Crofton Beam Engines were built 200 years ago to supply water to the highest point of the Kennet & Avon canal, where it runs through Savernake Forest. Being still in working condition, they represent an installation which has major, international significance for industrial archaeology. They illustrate directly the development of motive power and canal transport, both important elements of the industrial revolution which laid the foundation stone of the developed world we know today.
A team of dedicated volunteers looks after the whole site. They do that to preserve this amazing landmark from the past in order that you, and future generations, can see how our great, pioneering engineers tackled early developments in motive power and pumping technology. When you visit, you will see why Crofton is regarded as such a gem in the heritage of UK engineering.
In recognition of their historical significance, the two engines (one of which is of original Boulton & Watt construction) and the engine house all have Grade 1 Listed status. In keeping with that status, we try hard to retain the pumping station and the appearance of the engines in the condition that existed when it was in use. The engines still keep the canal full when in steam so we are maintaining, here, a living installation rather than a museum.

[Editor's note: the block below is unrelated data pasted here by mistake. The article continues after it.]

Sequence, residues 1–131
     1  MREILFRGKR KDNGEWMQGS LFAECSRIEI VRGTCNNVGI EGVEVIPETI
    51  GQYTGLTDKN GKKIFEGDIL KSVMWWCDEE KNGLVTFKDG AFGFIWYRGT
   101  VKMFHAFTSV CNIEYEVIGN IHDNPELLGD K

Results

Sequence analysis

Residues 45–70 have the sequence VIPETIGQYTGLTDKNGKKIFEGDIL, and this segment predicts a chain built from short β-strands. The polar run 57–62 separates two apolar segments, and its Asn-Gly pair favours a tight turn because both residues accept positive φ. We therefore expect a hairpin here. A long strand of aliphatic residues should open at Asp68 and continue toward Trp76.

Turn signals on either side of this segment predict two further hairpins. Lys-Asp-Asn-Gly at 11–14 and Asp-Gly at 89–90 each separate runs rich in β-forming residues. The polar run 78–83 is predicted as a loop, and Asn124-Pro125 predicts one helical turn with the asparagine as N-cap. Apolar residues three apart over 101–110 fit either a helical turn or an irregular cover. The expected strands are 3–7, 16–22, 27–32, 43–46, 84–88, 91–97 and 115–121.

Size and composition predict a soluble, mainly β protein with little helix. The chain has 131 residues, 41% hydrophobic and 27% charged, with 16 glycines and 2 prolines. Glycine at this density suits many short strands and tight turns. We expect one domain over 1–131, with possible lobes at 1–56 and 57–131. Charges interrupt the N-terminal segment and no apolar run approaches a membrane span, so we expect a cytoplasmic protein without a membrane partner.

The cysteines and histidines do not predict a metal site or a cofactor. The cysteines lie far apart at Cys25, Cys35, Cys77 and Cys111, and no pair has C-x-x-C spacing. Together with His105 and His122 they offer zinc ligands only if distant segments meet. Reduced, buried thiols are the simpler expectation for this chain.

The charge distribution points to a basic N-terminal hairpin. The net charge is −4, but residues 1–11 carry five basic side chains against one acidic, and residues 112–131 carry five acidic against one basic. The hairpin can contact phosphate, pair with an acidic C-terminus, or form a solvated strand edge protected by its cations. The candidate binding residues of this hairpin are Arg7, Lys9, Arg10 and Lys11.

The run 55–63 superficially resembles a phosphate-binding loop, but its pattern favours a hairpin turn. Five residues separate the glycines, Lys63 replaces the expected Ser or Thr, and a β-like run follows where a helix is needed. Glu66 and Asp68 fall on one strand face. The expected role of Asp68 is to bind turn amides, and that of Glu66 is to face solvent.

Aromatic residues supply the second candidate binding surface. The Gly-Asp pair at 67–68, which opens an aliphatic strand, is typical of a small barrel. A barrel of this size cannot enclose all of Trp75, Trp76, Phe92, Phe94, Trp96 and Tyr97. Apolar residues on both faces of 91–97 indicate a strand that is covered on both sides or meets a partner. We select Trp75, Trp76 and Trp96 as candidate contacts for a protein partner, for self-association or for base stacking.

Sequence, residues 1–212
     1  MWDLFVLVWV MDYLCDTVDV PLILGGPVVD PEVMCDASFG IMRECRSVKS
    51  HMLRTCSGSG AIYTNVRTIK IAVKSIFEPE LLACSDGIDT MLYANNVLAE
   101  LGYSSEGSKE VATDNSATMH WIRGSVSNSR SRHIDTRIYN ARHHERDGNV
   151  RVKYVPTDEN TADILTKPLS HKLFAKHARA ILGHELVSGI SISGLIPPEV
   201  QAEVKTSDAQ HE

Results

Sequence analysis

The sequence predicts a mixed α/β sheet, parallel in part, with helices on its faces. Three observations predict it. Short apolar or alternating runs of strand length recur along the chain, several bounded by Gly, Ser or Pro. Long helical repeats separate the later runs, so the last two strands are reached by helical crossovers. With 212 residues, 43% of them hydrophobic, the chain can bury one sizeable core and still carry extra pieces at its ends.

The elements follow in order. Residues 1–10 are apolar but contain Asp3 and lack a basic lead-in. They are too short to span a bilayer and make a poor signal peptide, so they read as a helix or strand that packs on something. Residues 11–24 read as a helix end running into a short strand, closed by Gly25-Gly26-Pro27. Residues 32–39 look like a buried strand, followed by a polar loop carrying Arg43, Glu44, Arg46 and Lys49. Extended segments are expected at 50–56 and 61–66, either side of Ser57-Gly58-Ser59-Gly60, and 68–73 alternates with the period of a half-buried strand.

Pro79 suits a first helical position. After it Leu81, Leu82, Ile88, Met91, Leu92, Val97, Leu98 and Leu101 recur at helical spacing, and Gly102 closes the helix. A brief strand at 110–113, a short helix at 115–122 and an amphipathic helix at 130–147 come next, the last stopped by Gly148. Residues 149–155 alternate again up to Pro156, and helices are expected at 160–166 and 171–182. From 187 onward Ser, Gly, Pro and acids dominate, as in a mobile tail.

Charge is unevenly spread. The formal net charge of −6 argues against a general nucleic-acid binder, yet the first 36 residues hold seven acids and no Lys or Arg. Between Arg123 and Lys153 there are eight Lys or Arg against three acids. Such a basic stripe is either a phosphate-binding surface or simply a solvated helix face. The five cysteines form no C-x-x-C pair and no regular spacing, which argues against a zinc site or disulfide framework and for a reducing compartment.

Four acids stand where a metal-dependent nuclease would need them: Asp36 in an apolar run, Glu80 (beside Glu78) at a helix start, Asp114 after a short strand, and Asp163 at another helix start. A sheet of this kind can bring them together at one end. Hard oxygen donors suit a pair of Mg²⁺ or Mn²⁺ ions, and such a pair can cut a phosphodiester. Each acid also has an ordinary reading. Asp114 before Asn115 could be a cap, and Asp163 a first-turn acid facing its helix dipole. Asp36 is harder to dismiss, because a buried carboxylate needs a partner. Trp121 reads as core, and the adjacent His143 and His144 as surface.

During 2013, the Engine House is open from 9 March to 6 October and you are welcome
to look around. You are also invited to enjoy a range of food in our distinguished
Engineman’s Rest Café, browse in the Gift Shop or simply have a picnic and take in
the view from the surrounding grounds. There are also a number of walks which may
be taken from the engine house along the Kennet & Avon Canal and into the countryside.
Unusually for an example of engineering technology, the pumping station had to built
in a rural setting close to a natural water supply and a visit here truly offers
a breath of fresh air! If you want an exciting, extra dimension to your visit, come
on the weekends when the engines are in steam and keeping the canal full, the job
for which they were originally built! The place really comes to life with our hand-
British heritage engineering at its best!
Engineering Heritage Award